For the longest time, received wisdom has held that 2005's Civilization IV remained the superior of 2010's Civilization V. A slow trickle of updates, little and large, to the more recent turn-based, history-spanning strategy sequel has seen that gradually change, and with major expansion Brave New World Civ V's blossomed into something especially elaborate and nuanced.
The expansion's no good if you don't own the parent game, though you can skip previous add-on Gods and Kings if you must - in fact, Brave New World contains most of that expansion's features, though not the new playable factions and leaders. While much of this review might be somewhat incomprehensible to Civ newbies, as Brave New World is aimed square at improving and expanding particular aspects of Civ V, it is worth saying early on that, if you're thinking of picking up Civ V, you're best off grabbing this at the same time.
Brave New World is filled with small changes, as well as the inevitable raft of new playable Civs (including Brazil, Poland and the Zulus) , but it has three major areas of focus. The first of these is a new Cultural Victory, significantly expanding the range of ways to play and win the game, as well as improving the range of options if you prefer to be the leader of a pacifist nation. (Indeed, players who prefer to win the game through warfare won't find too many new ways to indulge their bloodlust here). The idea is that, through the generation of Great People, who in turn perform Great Works, you grow the tourism appeal of your Civilization, striving essentially to become the most admired faction, rather than the most feared or the most hi-tech.
It's a difficult way to play, as you need to devote almost everything your collection of cities and citizens does to generating culture and building World Wonders if you're to have a hope of making enough Great People to out-tourist rival factions. This makes it hard to leave anything spare to build armies and defences, so while you might have the world's finest collection of paintings and symphonies, it might be ripe for a warlike neighbour to stride and destroy it all. It's also an exceedingly complex way to play, by Civ V's already labyrinthine standards, but both these factors are likely to make it a fan-favourite play style. It offers up a significantly different way to play than the norm, with different risks and different rewards.
It must be said that the presentation of tourism and cultural artifacts perhaps isn't what it could be, feeling rather like the new information and statistics have been shoved into any available screen space rather than made front and centre, but then a raft of initially overwhelming numbers has long been the Civilization way.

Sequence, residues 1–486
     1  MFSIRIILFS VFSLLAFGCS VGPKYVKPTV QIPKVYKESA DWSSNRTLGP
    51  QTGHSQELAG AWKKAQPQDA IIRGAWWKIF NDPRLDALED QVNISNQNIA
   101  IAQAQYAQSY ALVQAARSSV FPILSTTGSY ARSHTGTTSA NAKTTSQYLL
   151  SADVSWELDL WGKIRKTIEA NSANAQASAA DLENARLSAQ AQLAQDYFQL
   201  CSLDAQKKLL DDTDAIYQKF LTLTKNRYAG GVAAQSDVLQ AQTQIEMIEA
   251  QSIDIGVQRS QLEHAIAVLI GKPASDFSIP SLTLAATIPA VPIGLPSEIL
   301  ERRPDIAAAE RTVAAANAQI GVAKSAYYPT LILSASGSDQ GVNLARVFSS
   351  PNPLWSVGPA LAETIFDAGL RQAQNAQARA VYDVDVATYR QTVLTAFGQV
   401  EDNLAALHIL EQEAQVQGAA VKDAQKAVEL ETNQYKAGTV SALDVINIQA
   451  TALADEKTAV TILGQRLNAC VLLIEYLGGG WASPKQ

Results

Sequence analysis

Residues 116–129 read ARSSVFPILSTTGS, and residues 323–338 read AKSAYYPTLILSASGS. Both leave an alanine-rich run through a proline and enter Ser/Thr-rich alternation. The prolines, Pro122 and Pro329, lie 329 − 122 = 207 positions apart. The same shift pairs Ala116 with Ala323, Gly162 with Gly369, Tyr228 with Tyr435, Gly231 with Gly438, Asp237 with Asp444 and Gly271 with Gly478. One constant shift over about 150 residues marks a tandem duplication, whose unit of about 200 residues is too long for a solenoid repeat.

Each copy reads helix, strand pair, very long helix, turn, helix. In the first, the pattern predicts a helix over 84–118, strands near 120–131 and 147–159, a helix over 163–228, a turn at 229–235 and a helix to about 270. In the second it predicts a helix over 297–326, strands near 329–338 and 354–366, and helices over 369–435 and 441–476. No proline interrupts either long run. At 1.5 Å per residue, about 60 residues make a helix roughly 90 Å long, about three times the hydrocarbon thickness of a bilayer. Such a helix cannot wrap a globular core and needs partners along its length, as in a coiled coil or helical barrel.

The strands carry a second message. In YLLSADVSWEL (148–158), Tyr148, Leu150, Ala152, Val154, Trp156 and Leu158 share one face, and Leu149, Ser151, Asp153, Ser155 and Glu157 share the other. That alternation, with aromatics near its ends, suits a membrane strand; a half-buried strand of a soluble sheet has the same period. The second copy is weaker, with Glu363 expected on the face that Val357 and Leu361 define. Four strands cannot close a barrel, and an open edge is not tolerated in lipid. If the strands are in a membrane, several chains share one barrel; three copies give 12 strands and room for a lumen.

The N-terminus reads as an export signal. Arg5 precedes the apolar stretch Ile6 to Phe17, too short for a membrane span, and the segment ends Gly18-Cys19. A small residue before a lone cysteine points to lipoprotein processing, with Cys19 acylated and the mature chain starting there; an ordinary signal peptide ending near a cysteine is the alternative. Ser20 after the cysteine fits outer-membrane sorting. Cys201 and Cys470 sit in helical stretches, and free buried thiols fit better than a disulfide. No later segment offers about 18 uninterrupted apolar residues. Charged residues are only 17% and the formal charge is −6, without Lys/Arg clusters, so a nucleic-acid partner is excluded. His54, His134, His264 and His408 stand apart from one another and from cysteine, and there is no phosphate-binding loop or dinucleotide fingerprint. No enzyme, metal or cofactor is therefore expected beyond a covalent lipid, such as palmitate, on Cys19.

Also tackled is the long-standing (across this series' entire lineage) problem of the late game tending to be a baggy war of attrition, where the strongest Civs slowly chip at away at each for an eternity, potentially trapped until stalemate until the game's last minutes. A new World Congress system enables Civs to propose, endorse and seek to block measures with wide-ranging effects - for instance, agreeing to impose sanctions on aggressive Civs, enacting world-wide boosts to culture or cheekily seeking to boost generation of a resource you're short on. If other Civs consider your motions to be their own benefit, they'll vote for them and be extra-chummy to you. So if you play your cards right, you'll have your enemies handicapped and other rivals busy making nice with you. Like the Cultural Victory, it's highly elaborate stuff, tying into the espionage and diplomacy system established in the last expansion, Gods and Kings, and once again significantly refreshing the game for anyone who feels they've seen all Civ has to offer. For that reason, it perhaps will feel like overload if you're brand new to Civ V, especially because Brave New World isn't great at introducing and explaining its more complex new systems.
More immediately comprehensible is a new trading system, which enables the establishment of temporary trade routes either with neighbouring Civs or your own remote cities very early in the game. Build a few caravans, set them running back and forth with a target, and you'll experience either a steady stream of gold and science (if you're trading with another Civ) or having one of your own more populous cities funnelling food to a struggling offshoot.
However, the recipient of a trade route will benefit too, so you run the risk of later consequences for shovelling small amounts of gold and science into your erstwhile rivals, as well as seeing a potentially disastrous exchange of religion between two linked cities. While trading is ostensibly a friendly act, it's also a means of applying silent pressure to an enemy.
Three major new systems, then, and all of them highly risky as well as transformative. All told they're enough to make Civ V feel almost like a brand new game. In this age of piecemeal or superficial DLC, it's great to see such an old-fashioned, ambitious and substantial full-scale expansion. Brave New World does risk making Civ V feel far too over-complicated, but for existent fans it almost negates any need for a Civilization VI.